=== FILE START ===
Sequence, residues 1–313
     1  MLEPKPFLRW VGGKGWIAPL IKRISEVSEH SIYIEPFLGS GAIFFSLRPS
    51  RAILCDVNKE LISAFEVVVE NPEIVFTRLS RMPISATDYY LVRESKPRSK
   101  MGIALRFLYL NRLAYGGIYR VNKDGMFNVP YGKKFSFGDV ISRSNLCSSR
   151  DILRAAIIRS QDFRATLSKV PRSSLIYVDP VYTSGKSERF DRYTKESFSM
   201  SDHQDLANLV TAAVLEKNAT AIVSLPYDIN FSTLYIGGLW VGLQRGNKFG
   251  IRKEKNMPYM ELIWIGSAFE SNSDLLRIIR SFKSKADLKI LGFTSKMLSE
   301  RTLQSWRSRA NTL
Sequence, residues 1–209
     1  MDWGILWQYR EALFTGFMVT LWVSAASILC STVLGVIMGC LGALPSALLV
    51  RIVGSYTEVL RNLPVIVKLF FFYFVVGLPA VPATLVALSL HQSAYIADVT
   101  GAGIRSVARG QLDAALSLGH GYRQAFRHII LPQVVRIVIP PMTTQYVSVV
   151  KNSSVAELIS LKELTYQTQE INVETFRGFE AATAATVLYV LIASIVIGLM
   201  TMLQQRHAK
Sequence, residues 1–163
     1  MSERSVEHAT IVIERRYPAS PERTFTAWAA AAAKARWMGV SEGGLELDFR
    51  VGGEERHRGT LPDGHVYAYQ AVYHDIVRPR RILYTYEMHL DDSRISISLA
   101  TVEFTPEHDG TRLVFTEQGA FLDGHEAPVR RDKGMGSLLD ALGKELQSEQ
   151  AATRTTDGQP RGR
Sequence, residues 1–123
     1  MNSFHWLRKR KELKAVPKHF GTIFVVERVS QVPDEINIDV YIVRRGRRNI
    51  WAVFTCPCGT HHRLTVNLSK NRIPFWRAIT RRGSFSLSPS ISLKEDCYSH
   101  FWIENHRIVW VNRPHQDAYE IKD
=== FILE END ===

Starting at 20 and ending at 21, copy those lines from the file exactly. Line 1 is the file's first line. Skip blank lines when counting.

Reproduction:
Sequence, residues 1–123
     1  MNSFHWLRKR KELKAVPKHF GTIFVVERVS QVPDEINIDV YIVRRGRRNI